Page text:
Dreams can transport us to entirely new worlds and universes. Waking up from dreams can sometimes be the most disappointing part of one’s day, especially if it was a vivid fantasy on a peaceful, romantic land – away from the polluted air, the irritable, fluxed traffic and the overbearing paperwork on your desk. On the other hand, a good dream can turn around one’s day completely. Unfortunately, as it stands we are subject to the whims of our subconscious and never fully in control of which turns our dreams will take. It’s amazing to think that technology can do just about anything besides place us where we really want to be – though that may be about to change. For now perhaps the closest we can get to reliving our night time fantasies is through our relationship with art, and this is where Josephine Wall and her our new Gothic Dreams book Celestial Art comes into play.
Fantasy & Gothic Blog
And cue the obligatory Game of Thrones finale blog. We won't spoil anything about the latest episode here, but if you're not up to date with the most recent season up to episode 10, then you may want to give this post a miss just in case.
Though we see movie posters almost every day, it is often the ones for sci-fi movies that feature the most striking and evocative imagery. The genre has pioneered some of the most recognisable imagery for movies as well as establishing certain genre tropes, making subsequent sci-fi posters look mimetic by comparison.
Topics: movie posters
We see movie posters almost every day. They may pique the interest, or remind you of a film you had forgotten you wanted to see. It's this upfront, direct form of marketing that connects with audiences, often working in tandem with the trailers - either as a gateway for first time viewers or as a reminder of a trailer they liked. Combining to make sure the presence of a movie endures in one's mind up to the point of release.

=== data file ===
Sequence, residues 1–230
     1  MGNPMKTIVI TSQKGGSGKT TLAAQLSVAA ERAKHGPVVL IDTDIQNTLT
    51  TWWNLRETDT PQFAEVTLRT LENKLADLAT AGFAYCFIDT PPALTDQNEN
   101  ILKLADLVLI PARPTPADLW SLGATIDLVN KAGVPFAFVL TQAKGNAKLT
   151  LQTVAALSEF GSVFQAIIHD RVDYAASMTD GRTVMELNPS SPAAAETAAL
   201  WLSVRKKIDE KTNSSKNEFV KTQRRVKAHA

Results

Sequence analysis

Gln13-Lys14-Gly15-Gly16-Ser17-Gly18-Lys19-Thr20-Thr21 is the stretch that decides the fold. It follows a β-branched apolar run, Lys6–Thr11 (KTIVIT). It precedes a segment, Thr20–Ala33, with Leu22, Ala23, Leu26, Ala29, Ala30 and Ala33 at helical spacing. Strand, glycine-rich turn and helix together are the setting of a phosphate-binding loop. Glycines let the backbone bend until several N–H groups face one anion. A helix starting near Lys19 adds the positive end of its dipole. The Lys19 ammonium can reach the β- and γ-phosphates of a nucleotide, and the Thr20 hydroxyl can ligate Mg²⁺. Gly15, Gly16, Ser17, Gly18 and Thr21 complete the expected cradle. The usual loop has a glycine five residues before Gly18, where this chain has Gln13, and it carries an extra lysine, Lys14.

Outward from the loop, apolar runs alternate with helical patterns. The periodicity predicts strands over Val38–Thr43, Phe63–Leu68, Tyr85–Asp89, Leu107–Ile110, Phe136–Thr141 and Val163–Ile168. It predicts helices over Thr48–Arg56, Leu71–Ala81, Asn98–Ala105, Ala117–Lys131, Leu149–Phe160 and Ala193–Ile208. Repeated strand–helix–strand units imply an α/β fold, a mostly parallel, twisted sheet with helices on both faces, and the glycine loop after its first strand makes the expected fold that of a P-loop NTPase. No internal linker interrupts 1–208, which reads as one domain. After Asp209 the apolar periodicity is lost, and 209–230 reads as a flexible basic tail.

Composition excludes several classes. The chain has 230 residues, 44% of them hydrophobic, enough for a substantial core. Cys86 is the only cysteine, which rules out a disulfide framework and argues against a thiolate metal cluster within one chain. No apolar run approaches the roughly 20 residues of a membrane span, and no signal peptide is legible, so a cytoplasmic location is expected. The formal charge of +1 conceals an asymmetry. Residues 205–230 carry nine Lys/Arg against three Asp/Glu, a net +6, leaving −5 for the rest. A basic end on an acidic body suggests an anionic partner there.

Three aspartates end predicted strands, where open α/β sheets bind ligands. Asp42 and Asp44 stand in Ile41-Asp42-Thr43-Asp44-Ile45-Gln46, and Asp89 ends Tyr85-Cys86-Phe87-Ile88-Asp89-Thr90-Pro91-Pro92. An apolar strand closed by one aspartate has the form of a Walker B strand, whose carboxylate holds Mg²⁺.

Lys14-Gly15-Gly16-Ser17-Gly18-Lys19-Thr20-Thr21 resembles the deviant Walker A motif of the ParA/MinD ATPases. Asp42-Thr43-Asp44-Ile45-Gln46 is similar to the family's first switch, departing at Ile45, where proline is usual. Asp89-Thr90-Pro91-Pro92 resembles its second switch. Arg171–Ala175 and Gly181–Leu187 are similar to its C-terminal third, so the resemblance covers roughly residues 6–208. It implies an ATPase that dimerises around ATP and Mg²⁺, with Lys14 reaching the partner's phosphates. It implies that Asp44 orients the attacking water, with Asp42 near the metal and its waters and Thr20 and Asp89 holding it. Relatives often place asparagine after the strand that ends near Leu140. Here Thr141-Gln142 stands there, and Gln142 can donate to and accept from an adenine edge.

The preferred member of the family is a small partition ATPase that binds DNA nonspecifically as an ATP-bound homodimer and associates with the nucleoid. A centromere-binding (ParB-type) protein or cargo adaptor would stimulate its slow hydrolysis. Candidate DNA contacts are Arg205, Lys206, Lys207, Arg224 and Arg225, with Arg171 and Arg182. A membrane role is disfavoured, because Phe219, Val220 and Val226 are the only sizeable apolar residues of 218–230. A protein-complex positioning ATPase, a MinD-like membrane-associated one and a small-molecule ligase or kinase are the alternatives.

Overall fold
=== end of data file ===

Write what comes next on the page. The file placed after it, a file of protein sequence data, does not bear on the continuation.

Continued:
Our upcoming title How To Draw Manga: Made Easy is packed with helpful tips from a range of professional artists working in the industry. Today you can preview some of the expert advice on offer, with a quick look at basic page layouts.
Rounding off our mini-series on Gothic Fantasy Origins, today we take a closer look at Science Fiction.
Influenced by the gothic fiction tradition, ghost stories have long captivated audiences and readers, with ghostly beings so often fascinating precisely because of their ability to elude definition: obscurity and intrigue are necessary for the realm of ‘ghostliness’, and set ablaze the imagination as a result. Anything ‘supernatural’ seems at once displaced from yet close to reality, and it is this small shift, similar to Freud’s ‘uncanny’, which is so unsettling. The Victorian era – the supposed ‘golden age’ of the ghost story – lent itself well to the form. Roger Clarke (author of A Natural History of Ghosts: 500 Years of Hunting for Proof) has put this down to a number of reasons – such as it being the era of flickering gaslamps with possible hallucinogenic properties, an era also of large stately homes, with secret passageways for servants to flit through unseen by the guests of the house. This is also an age when representations of reality could be popularly captured through photography, giving rise to ‘spirit photography’ that distorted the reality captured in eerie and, at the time, convincing ways. We’re adding to our range of classic gothic novels with a series on short stories, and today’s blog will take an overview of ghost stories in particular, trying to snatch a glimpse of those many elusive ghosts that have graced pages in history.
In our first blog of a new mini series, we take a look at the first gothic horror stories. We'll cover the origins, influences, and most significant figures in the genre, casting light into one of the darkest fiction genres out there.
The internet melted this weekend. The trailer for Zack Snyder's Superman v Batman was leaked and even though the quality was grainy and a little hard to hear, comic and sci-fi fans worldwide rejoiced.